(11) I'd recommend a tiered backup system. For example, you might have 5 rewritable DVDs, and every day you burn your backup onto a new disc. On the 6th day, you erase the disc for Day #1 for your backup, and so on so that you have multiple backups should one disc ever go bad.
(12) Replace rewritable CDs and DVDs approximately every 3-6 months.
(13) These dramatically increase the size of email messages (2-3X minimum) and clog up email servers already straining to cope with the flood of spam pouring in daily.
(14) If you want to share photos with friends/family, upload them to some photo sharing site like Flickr or Google's Picasa Web and then send people a link to that particular photo gallery.
(15) This is considered to be the same as SHOUTING and many people find it to be hard to read along with highly annoying.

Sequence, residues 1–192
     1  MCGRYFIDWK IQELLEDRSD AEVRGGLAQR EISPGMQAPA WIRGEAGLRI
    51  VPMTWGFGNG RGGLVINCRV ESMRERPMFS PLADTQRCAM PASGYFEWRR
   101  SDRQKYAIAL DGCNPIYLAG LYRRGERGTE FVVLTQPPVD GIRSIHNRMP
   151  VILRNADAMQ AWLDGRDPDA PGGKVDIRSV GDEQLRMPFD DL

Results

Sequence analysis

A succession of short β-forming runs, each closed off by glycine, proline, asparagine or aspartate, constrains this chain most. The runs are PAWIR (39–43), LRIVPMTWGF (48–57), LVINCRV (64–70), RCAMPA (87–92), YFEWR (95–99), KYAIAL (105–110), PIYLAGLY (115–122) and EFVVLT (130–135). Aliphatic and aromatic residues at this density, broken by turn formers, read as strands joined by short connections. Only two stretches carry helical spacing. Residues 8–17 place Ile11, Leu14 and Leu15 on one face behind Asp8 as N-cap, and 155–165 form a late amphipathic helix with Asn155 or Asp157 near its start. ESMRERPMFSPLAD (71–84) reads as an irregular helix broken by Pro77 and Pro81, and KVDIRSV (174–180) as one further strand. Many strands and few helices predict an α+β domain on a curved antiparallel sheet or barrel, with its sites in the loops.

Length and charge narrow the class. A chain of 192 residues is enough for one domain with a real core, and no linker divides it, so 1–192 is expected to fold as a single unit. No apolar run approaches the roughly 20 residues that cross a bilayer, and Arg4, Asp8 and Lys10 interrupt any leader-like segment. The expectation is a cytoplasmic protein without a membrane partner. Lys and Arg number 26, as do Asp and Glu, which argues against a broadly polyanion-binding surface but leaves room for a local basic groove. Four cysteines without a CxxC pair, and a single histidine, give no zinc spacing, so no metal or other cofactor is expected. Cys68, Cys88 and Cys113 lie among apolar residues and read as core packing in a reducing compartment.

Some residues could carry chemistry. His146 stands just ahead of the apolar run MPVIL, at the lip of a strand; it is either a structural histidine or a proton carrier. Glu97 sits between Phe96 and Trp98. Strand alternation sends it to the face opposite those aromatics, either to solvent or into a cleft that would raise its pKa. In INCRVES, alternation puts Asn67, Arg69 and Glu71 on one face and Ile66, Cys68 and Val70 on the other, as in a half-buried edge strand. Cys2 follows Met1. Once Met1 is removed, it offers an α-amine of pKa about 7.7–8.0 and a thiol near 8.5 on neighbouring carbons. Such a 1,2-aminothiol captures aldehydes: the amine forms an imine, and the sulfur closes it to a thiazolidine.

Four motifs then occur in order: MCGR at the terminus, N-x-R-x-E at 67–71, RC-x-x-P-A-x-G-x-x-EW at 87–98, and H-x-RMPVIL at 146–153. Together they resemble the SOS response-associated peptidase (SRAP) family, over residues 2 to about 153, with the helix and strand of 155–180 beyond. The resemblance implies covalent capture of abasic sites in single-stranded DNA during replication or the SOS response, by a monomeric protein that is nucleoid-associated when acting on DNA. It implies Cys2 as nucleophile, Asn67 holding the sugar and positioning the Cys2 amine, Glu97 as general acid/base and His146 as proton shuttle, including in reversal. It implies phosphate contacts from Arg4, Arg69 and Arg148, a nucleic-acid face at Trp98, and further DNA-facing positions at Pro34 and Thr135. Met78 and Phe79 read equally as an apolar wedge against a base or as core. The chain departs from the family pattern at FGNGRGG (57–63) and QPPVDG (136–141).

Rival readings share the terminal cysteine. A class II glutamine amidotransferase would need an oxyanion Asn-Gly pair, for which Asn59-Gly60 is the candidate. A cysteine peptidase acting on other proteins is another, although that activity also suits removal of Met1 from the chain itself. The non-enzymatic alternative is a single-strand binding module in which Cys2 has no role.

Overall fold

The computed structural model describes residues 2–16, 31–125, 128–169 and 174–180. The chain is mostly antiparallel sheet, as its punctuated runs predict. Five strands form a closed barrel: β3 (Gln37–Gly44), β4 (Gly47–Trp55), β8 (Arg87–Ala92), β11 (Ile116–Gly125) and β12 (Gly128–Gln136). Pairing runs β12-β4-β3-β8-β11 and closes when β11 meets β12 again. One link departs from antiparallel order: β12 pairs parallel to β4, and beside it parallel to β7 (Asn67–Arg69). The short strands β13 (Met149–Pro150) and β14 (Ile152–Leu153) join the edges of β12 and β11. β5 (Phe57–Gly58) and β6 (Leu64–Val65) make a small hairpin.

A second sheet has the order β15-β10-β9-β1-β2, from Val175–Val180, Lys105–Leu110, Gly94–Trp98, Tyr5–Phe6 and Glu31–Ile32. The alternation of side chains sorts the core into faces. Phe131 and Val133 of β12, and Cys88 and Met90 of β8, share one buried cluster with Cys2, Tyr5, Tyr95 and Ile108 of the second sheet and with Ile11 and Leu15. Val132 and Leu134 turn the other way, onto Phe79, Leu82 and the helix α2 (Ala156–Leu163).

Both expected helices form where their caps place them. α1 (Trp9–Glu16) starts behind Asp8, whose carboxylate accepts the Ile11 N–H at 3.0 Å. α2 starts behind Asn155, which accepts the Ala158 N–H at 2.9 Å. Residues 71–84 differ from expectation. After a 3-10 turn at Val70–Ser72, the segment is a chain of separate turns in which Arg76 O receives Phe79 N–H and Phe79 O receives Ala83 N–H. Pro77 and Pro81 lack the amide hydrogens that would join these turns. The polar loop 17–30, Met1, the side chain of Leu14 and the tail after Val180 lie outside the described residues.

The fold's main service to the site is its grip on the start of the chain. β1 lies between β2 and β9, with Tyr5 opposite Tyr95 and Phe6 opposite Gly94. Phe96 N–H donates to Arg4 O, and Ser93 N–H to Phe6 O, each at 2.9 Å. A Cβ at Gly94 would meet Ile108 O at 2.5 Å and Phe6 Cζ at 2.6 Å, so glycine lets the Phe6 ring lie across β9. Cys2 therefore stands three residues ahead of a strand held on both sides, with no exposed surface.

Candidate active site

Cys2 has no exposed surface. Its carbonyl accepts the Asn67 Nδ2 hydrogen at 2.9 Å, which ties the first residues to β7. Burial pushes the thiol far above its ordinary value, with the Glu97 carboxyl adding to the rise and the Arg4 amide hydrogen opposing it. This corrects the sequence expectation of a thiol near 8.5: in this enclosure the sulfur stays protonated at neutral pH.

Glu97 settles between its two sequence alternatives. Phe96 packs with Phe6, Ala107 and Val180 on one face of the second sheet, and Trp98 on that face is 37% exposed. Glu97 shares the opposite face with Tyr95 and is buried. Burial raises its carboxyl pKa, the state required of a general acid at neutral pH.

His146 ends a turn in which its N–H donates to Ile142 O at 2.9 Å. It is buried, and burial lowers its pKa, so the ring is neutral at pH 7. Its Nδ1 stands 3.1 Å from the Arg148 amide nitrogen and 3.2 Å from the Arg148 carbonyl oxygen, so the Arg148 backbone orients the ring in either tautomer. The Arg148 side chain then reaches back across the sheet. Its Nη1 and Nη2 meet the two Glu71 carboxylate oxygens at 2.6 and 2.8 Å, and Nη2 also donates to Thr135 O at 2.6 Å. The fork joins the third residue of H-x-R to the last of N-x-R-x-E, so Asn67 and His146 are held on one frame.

(16) Unless the goal is to make yourself look like a pre-adolescent girl, or someone overcompensating for their gross inadequacies, and you don't want people to take you seriously.
(17) Most REAL hackers are quite content to leave you alone unless you make them take notice of you. No dinky little software firewall or consumer grade router is going to keep them out of your system. So do not go to some hacker website or chat room and start shooting your mouth off unless you're prepared to accept the consequences
(18) Most of these programs are scams, and sell you something you don't need. Most of them report non-issues in an attempt to boost the number of "issues". Sometimes using these programs can lead to a non-functioning computer.